Released February 2006
At the time of Doctor Who’s cancellation in 1989, several stories had been produced for a tentative twenty-seventh series. ‘Night Thoughts’ is the first of those concepts Big Finish has brought to fruition in its main range, crafting an incredibly atmospheric and altogether creepy tale that perfectly evokes the tone of the era while deftly incorporating Philip Olivier’s Hex.
Four tenured teachers are spending a university break at a mansion on Gravonox Island, a Scottish isle that had been used for nerve gas testing in World War II. The traveling trio of the Doctor, Ace, and Hex- following a psychic distress call- end up trapped alongside the four teachers when a massive incoming storm ambushes them. When one of the teachers ends up dead, the relationship between the surviving colleagues becomes the subject of investigation and a multitude of questions are raised regarding hidden studies into time travel, mysterious events ten years ago in the laboratory upstairs, unsettling efforts with taxidermy, and a young maid who uses a shabby stuffed rabbit as a mouthpiece when stressed.
Given the isolated setting and complex plot featuring hints of the supernatural, it’s only natural that at least superficial comparisons to the very evocative ‘Ghost Light’ should be drawn. Still, writer Edward Young does a masterful job creating his own very visceral and visual atmosphere, each scene dripping with disturbing imagery and an oft-repeated recording of the Doctor only serving to heighten the uneasy trepidation. This is a tale that could easily make the transition to television given the incredible descriptions, but the very realistic manner in which each character reacts to the horrors carries the audio experience while developing them as well-rounded people perfectly. There are a few plot points that perhaps don’t get the full payoff they deserve as a couple of events are accepted rather nonchalantly, but overall this is a spectacularly intricate plot that captivates from beginning to end and shows that karma is alive and well.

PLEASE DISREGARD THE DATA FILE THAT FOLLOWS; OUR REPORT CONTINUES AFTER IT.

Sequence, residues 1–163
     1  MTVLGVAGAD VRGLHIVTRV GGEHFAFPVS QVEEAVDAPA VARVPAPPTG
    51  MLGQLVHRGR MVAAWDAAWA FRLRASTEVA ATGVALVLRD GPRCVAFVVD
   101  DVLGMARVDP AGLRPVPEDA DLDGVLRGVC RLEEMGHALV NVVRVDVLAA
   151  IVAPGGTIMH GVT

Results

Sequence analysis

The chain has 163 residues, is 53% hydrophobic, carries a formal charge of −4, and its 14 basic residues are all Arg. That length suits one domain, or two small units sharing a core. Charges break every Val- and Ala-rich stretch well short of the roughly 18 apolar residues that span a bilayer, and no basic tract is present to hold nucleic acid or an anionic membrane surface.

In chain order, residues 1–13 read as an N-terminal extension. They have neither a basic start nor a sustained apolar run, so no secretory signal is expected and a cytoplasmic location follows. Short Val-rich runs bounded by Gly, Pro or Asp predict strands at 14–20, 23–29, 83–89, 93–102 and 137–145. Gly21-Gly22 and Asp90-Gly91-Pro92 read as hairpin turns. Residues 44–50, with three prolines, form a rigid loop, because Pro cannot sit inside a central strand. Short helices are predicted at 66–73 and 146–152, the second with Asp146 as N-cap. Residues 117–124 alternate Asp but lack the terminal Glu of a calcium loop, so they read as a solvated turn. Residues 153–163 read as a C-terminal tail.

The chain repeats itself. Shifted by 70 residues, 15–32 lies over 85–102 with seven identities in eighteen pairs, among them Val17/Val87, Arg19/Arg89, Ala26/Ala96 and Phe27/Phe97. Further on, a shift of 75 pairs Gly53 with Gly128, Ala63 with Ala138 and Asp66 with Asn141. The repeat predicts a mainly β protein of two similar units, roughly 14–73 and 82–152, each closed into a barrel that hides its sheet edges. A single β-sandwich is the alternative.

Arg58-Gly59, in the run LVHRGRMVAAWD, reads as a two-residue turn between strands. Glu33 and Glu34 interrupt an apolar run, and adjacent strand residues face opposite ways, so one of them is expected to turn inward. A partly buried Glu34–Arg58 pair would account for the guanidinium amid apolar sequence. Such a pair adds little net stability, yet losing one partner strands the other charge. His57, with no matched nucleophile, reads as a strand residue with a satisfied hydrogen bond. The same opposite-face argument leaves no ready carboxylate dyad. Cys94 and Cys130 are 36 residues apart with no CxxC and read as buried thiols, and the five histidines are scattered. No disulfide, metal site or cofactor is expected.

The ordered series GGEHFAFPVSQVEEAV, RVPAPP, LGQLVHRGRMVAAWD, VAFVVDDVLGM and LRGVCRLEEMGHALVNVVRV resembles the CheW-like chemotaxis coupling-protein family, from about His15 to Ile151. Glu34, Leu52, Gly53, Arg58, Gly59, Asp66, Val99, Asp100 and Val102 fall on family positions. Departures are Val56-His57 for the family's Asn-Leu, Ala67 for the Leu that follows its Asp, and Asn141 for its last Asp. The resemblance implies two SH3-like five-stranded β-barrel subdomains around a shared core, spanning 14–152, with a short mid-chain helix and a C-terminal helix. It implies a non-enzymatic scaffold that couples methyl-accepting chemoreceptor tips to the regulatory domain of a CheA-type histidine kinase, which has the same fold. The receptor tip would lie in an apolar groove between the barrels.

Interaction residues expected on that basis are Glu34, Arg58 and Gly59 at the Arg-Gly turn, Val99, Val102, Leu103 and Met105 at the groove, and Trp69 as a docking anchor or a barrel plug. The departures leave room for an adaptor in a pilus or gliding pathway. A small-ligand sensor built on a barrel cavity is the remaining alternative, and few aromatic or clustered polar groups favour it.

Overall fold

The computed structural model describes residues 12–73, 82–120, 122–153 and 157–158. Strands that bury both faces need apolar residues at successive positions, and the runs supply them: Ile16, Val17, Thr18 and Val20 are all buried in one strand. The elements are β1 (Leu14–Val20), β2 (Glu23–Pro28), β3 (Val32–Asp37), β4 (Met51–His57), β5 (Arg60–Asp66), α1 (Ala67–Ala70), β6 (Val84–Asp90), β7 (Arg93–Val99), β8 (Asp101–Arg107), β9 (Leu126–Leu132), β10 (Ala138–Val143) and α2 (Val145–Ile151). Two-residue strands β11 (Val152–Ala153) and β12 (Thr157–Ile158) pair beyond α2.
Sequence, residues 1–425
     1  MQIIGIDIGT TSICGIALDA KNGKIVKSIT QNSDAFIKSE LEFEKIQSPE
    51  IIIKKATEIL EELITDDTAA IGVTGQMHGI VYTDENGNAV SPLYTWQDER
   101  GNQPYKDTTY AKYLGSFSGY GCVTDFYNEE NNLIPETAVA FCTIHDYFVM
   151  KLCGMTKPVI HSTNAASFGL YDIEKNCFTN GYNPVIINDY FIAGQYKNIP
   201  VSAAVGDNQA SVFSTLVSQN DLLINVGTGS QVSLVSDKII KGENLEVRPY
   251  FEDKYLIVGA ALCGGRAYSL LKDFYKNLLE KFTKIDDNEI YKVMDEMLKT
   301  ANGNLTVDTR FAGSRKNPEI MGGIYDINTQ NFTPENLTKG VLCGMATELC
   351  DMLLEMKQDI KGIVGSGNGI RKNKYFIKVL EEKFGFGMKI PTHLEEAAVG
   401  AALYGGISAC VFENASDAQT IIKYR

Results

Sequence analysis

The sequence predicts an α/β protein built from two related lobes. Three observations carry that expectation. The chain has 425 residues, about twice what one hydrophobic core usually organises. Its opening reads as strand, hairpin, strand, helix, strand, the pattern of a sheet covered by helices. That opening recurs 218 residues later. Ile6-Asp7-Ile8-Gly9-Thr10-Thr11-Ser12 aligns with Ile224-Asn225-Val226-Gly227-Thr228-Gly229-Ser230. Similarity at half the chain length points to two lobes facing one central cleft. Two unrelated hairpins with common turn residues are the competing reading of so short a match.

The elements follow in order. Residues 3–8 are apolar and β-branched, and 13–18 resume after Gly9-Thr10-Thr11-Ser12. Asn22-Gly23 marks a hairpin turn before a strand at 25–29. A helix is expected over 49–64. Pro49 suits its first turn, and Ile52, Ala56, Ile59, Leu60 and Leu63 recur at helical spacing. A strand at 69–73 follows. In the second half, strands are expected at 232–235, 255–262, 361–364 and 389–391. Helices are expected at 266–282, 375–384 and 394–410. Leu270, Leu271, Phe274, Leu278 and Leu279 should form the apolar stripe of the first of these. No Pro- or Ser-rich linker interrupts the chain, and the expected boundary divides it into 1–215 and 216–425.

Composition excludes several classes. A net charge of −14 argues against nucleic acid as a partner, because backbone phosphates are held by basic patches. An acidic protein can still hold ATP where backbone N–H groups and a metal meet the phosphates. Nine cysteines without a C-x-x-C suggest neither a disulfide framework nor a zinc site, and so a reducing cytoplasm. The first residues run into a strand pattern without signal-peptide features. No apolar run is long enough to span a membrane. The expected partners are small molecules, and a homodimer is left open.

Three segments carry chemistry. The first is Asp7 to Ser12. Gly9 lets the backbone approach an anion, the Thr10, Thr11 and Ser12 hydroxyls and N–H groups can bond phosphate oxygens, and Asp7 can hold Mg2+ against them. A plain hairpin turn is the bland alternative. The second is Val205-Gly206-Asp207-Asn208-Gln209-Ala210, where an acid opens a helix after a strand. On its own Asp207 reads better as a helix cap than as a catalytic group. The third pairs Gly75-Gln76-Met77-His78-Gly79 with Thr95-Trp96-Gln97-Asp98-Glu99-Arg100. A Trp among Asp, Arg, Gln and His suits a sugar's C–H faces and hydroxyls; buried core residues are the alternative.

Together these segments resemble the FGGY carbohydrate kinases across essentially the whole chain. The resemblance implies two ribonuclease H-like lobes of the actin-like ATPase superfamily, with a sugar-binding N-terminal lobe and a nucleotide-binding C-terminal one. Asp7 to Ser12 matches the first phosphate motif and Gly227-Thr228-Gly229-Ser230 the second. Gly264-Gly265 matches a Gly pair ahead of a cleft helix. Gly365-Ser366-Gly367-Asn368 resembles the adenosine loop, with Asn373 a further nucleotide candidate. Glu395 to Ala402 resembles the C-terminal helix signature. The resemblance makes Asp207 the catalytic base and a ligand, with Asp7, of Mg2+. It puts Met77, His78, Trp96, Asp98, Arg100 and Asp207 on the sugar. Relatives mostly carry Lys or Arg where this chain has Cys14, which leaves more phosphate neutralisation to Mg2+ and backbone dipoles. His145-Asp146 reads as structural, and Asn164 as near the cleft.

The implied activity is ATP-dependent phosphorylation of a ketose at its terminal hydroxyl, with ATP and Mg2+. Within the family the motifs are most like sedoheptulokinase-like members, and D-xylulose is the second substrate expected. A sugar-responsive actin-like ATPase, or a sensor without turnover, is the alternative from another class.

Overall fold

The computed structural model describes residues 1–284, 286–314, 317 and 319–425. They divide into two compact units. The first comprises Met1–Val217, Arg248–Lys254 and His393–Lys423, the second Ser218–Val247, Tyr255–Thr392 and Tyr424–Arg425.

‘Night Thoughts’ captures the quintessential mysterious Seventh Doctor, one who understands the extent of the events to come before anyone else even realizes there’s an issue. He uses his companions, brings up the most minor of details, and even knowingly takes part in an experiment with foreknowledge of its inevitable ending, balancing human life and the sanctity of time until a final decision must be made. As for the companions, Ace and Hex both undergo a lot of emotional stress during this tale, and it’s nice to see that their relationship has developed into one more like siblings even though Hex clearly harbours a bit of a crush for Ace. While Aldred plays Ace perfectly as the experienced traveler who can take events more in her stride, Olivier captures the enthusiastic inquisitiveness of a novice explorer trying to retain his sense of morals.
The supporting cast of Bernard Kay, Ann Beach, Andrew Forbes, Joanna McCallum, Duncan Duff, and Lizzie Hopley round out the release perfectly, each giving a genuinely moving performance as the secrets behind the group’s activities and that of the manor’s past are revealed. Although primitive time travel slowly reveals itself, the truth and consequences of the paradox of life and death that manifest are altogether more unnerving. The Seventh Doctor is unquestionably the best choice to deal with concerns about tampering with time, and the resolution is just another strong and satisfying moment in a release full of them.